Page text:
During a heart attack, a clot forms inside, or near, one of the four coronary arteries, according to HowStuffWorks. Often, this is a result of a slight abrasion to plaque inside the artery, which causes platelets to rush to the area.
Plaque can tear loose inside the coronary artery at any time and for any reason, but it is most likely to happen during or just after physical exertion, explains HowStuffWorks. When the plaque loosens, the cholesterol beneath it is exposed to the bloodstream. The body is able to sense damage to the inside of arteries and, mistaking the loosening plaque for a tear to the wall of the coronary artery, it dispatches platelets to the region to begin the process of repairing a break.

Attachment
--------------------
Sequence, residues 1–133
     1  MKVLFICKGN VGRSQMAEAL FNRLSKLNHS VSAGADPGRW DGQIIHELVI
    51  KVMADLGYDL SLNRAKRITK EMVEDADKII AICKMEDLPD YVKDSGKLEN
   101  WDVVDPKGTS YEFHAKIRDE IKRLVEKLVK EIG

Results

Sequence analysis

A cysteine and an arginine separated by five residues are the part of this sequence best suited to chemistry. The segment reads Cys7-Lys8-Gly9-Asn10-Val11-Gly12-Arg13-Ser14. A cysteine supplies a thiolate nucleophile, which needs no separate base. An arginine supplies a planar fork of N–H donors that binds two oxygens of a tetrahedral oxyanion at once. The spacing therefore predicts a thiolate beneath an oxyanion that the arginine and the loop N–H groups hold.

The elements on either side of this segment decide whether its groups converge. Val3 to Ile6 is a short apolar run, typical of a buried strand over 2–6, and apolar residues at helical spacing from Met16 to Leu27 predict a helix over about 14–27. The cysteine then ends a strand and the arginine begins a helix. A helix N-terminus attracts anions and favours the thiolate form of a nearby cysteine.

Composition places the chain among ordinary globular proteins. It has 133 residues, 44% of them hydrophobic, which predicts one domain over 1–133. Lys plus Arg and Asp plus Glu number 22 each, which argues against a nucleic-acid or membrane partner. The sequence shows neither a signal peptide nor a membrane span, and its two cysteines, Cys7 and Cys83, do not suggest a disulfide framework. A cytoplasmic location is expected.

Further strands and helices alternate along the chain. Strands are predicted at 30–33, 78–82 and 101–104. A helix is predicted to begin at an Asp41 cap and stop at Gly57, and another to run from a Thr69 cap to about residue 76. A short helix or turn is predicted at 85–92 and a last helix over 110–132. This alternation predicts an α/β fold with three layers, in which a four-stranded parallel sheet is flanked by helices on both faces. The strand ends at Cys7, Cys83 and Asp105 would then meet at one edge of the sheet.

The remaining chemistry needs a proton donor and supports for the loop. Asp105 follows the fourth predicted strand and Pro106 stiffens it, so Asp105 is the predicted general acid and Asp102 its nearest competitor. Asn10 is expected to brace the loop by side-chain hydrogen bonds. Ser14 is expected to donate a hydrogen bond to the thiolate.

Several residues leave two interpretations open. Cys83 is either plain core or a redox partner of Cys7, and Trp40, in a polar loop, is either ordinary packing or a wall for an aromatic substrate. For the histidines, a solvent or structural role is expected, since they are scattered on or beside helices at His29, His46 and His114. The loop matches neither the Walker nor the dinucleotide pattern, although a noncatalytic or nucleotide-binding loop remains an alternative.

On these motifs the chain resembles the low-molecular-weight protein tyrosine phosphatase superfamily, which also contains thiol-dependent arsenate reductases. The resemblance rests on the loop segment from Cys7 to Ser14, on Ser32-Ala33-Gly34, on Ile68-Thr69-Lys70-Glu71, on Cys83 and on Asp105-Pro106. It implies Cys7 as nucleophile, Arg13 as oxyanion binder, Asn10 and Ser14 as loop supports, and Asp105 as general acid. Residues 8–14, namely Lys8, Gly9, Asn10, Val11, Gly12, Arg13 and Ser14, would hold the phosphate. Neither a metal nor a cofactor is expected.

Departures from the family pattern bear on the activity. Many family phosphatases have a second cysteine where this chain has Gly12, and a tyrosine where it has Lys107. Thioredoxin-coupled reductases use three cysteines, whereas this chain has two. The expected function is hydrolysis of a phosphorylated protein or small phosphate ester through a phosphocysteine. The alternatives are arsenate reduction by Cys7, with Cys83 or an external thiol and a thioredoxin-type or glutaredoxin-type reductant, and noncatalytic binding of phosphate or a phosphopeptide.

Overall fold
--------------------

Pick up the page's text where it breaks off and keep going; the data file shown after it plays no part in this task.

A rapidly growing clot constricts the coronary artery and reduces blood flow to the heart, as explained by HowStuffWorks. Starved of blood, the heart begins to beat faster, consuming more oxygen and building up more waste products that the blood normally clears away. Eventually, the heart cannot keep up its elevated pace and slips into an abnormal rhythm called "ventricular fibrillation." Without immediate treatment, this leads to asystole and eventually death as the heart muscle dies.